Are Teams Still Worth It?

Before rushing to replicate team structures or investing in team-support technology, we urge managers to do the math once more to make sure the benefits outweigh the costs. Unfortunately, hybrid work may tip the balance in the wrong direction.

Increased costs

Teams have always had to expend a significant amount of time, energy, and attention on coordination tasks like disseminating and directing information, resources, and work; establishing healthy norms and resolving conflicts; aligning motivations and efforts; integrating disparate personalities; and putting together combined deliverables. Working globally adds time zone, cultural, and linguistic differences to the mix as the basis for subgroups or misunderstandings. For these reasons, collaboration overload has been a risk for some time.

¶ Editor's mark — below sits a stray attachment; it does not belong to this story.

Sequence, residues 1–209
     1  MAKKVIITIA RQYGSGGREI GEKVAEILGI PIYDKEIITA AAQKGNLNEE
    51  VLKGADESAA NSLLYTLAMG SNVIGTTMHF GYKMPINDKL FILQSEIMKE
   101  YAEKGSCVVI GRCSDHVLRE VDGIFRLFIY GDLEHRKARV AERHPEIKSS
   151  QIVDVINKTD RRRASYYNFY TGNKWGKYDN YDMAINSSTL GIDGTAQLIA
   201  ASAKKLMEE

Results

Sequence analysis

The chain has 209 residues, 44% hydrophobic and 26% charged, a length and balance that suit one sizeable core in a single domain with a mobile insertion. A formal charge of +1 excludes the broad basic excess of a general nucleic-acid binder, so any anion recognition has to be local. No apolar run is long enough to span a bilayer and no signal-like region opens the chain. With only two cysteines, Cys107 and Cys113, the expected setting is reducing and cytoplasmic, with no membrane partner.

The widespread increase in hybrid work has massively multiplied that complexity. Keeping in mind that all the costs outlined above still exist, team members have dispersed further — at times working in the office and at others remotely and at varying locations, each offering different resources and distractions. Its important to keep in mind that leaders shouldnt think about team members independently, because where each individual sits also affects the configuration of the whole team — creating new subgroups, majorities, minorities, and isolates — to significant effect.